Saturday, March 30, 2024

Limited Palette for the Petra


Color journal page with results for the Petra palette

Now that I’ve finally reviewed my latest standing watercolor palette, the Peg & Awl Petra, I can get to the paint colors currently filling the six non-standard half pans. As a long-time fan of limited palettes when using watercolor pencils, narrowing the colors to six was basically a refinement of the same principles I have been using for quite a while. I got a solid start on those principles with the previous standing palette, which contained 11 colors, then eliminated several.

This sketch of the UW Quad cherry trees was made with the CYM primary triad named.
 I used a pink pencil to add texture to the blossoms.
What made the cut? First, I chose Phthalo Turquoise, Lemon Yellow and Quinacridone Magenta as my CYM primary triad (all Winsor & Newton, although I’m not necessarily brand-loyal to WN – they are just what I have now in those hues; I ran out of Phthalo Turquoise with this fill, so I replaced that tube with a Daniel Smith).

Green and violet: My favorite mix for darks

Then, because I’m smitten with mixing darks from a secondary triad, especially green and violet, I put in Daniel Smith Deep Sap (which also makes an excellent fir tree green when I add a bit of blue to it) and Daniel Smith Carbazole Violet. I left out orange for now because I hardly need it for urban sketching, and it’s easy enough to mix.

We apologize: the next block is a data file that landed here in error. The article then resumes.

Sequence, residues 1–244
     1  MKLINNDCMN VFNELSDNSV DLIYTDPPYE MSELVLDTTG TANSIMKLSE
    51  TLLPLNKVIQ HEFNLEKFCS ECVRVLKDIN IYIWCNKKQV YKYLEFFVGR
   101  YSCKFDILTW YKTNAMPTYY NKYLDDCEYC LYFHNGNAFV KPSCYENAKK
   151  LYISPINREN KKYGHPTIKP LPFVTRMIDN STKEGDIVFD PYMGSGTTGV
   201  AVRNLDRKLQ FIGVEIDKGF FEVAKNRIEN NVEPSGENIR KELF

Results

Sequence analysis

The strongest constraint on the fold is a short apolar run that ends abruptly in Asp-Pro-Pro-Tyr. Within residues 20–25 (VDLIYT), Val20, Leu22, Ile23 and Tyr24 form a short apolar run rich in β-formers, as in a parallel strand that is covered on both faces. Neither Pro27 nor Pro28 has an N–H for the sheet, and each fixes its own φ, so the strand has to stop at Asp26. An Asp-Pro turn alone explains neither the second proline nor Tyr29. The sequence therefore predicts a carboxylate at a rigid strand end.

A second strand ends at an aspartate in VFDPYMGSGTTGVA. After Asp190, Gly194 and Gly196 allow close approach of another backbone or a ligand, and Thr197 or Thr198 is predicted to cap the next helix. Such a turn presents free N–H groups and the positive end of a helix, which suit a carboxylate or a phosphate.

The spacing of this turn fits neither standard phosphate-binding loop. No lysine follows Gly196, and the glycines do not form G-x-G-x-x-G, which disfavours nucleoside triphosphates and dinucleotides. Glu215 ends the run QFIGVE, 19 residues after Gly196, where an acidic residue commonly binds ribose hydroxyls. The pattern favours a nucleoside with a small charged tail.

(You might say that all the secondaries are easy to mix from the right primaries, and you’d be right. With all my other practical considerations on location, though, it’s simply more efficient and cleaner to use good secondaries straight from the tube rather than risk getting a big puddle of mud on a small mixing tray.)

In addition, I considered this important question: Why would I choose to use paints on location instead of watercolor pencils? The answer always comes down to trees and foliage. For almost any other kind of subject matter, it’s just as easy or easier to use pencils, but when I see a multi-hued maple in October or a fully blossomed cherry in March, it seems to cry out for paint. The selection is necessarily seasonal, so for this first filling, I reserved a pan for a pre-mixed pink. It’s mostly white gouache with a tiny touch of Primary Magenta and an even tinier touch of Primary Yellow to warm it up (all from the Holbein CYMK mixing set). After cherry season is over, I’ll clean out the pan and probably refill it with orange.

The swatches at the top of the post show the results of various color-mixing experiments in my color journal that helped me decide which paints to choose.

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